The fast and easy way to understand compression and reaComp accessibility
The fast and easy way to understand compression and reaComp
lets say you have made a recording, and you are largely satisfied with the results, however, the voice or instrument you recorded is not quite OK because at some points, you find it being overpowered and at other times you can find it is just too quiet and you have to strain to hear it. So you might either divide the track into items, adjust their volume, or you might be a super fancy kind of person who uses her super brain powers and a controller and does a very awful lot of dedicated automation on the volume for the track.... and then, one day, the entire mix changes and you have to do them all over again. Boy! Turns out that you can have someone inside your computer do that on command, automagically, being respectful of the volume changes so they are just right, and you can compare the results immediately instead of pressing undo, redo, undo, undo, redo. ETC.
enter the world of compression and reaComp
Rather than explaining the entire effect controls and window, we can do an explanation from a "lets use this thing!" perspective. So, get to work.
1. Find a quiet section or a section that sounds good to you and find out it's level by using your peak watcher. You can set up the peak watcher by pressing Control+Shift+W, and setting the first track to, "follow Current Track." Then use Alt+F9 and Alt+F10, to report the left and right peaks, for the current track. These keys will report the loudest peak since last the peak watcher was reset. Use Alt+F8 to reset the peak watcher. You can also simply press the J and K keys whilst playing the project and have the instantaneous peak. for left and right channel respectively. As these keys report the current peak rather than holding the highest value as the peak watcher does, you will need to press them a number of times to gage the average. 2. Open the effects on the track by pressing F after selecting it, and insert any compressor you would like; ReaComp will be used for this example. In your compressor, set your threshold value to about 3 db less than the average level reported by the Peak Watcher, and set the ratio to 4.2 or similar. Setting the ratio in this way means that the compressor will allow 2 db to pass if the sound exceeds 4 db over what you have set in the threshold. 3. Finally, you can see how many db's the compressor is pulling back next to the rms size box. NVDA will read them, first the left and then the right channel. So you might want to select a part and play it as a loop over and over. 4. If you find that compression is pulling the voice too far back or that the volume is abruptly changing, you can increment the knee parameter, or the attack, or also play with the preComp setting to get a more subtle compression. So experiment with all of those values and settings to find something that is good for you. You can also increase the wet output to try and bring things back up to the volume they were, carefully, of course. However, the one that allows the compression to be more flexible with the audio is the knee parameter so you might want to experiment with that one first.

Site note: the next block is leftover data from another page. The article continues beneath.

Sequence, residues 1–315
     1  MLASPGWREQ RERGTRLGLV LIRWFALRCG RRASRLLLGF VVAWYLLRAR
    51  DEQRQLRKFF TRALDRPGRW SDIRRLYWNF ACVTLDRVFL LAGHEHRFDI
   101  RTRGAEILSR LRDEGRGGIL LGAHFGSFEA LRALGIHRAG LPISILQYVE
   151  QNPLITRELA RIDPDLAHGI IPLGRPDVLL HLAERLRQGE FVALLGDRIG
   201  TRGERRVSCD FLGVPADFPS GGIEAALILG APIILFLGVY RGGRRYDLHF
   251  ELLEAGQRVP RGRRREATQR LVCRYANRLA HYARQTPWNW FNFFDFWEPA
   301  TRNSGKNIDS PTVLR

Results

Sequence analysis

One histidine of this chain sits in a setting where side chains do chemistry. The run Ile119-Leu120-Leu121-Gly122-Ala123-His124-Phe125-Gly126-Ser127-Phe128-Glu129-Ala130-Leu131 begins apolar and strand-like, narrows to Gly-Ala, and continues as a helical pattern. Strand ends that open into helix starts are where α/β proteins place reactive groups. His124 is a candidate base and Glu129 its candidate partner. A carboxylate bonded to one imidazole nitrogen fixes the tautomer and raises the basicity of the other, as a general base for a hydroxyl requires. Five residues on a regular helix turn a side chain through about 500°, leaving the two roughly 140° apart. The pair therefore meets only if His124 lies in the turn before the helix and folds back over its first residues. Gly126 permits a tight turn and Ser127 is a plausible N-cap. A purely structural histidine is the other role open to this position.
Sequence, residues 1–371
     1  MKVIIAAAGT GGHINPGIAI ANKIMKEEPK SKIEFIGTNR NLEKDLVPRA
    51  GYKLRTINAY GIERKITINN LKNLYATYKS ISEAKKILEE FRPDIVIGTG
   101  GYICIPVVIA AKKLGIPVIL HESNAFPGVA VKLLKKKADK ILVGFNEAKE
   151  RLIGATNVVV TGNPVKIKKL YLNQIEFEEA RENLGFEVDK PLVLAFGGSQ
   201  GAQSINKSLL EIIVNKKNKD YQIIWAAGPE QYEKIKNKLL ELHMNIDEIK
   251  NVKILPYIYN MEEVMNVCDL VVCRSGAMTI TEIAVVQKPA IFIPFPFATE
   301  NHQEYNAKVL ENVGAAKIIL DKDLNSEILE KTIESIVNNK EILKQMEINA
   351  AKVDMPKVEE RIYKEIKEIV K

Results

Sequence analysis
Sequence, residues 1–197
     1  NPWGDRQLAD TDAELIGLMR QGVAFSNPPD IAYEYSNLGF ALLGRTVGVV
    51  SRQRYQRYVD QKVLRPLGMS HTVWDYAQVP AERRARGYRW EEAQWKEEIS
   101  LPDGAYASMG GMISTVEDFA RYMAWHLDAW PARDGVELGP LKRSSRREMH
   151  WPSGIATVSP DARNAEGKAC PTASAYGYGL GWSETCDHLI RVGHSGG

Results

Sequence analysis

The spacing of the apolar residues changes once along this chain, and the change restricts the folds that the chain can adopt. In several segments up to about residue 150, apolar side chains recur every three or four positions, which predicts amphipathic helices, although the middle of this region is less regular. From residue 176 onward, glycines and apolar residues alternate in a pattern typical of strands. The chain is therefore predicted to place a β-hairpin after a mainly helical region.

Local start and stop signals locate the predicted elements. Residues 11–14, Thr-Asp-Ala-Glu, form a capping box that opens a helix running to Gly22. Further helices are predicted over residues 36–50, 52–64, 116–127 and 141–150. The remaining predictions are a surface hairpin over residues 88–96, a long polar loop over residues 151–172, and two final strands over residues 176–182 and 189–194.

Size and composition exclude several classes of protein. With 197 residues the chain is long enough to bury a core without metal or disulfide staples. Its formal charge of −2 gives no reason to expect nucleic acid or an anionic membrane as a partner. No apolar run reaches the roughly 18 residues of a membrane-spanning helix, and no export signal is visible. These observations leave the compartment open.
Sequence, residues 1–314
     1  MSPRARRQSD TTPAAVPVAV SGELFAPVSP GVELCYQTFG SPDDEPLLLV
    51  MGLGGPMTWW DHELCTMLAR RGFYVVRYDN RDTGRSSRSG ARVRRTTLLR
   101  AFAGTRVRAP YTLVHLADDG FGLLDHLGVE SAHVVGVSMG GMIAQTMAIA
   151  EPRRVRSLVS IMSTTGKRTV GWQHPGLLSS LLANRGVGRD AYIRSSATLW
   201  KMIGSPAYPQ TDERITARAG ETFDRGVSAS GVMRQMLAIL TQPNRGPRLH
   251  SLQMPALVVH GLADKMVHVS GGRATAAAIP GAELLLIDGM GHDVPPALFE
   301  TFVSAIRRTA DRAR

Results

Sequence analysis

the box labelled RMS, is the one that tells you how hard the compressor is working. You should Leave the rms size parameter alone, and instead try increasing the threshold more towards the negative values, and also increase the ratio. You should hear differences in the sound if you are compressing things too hard because a compressor indeed makes the dynamic range smaller and "compresses" the volume of whatever you are putting it on. which is the idea, because then you would want to slowly adjust the values to get a more decent sound. To hear what the compressor is doing, you can toggle bypass on the currently focused effect with Control+B. When the effect is bypassed, you won't hear what it is doing. This is good so that you can hear whether the changes you have made with this effect are improving the sound or not.
Ok, so what about the other controls?
There's also a makeup gain checkbox, which will put the compressor to the top of it's range, with the parameters you've set of course, but it's good to use when you have really squashed a signal and need to well, make up the gain. There is also a limiter, a brick wall limiter box you can check to make sure you don't over-blow the limit of the plug-in itself, a safety brick wall limiter.
There is also the over sampling slider, but it sets the quality of the processing, but it can also use more computer resources though you will get the best quality by ramping that all the way up to 64.
lastly, some useful presets
one of the presets, called "stock - Fader Ride Vocal - aim for 8dB GR" uses the out-put of the compressor to help determine how the compressor works, how much it compresses dynamically based on the output.
The advantage of driving a compressor based on it's output is that you can really do some deep compression without your original signal sounding so squashed, good for a podcast where you have widely differing levels of speech and you don't want to have to slice and dice and adjust volume levels. You'll still have to adjust threshhold and ratio and such but try this setting to start with if you have a lot of wide dynamics involved.
For more information on compression and reaComp, check the corresponding section of the reaper users guide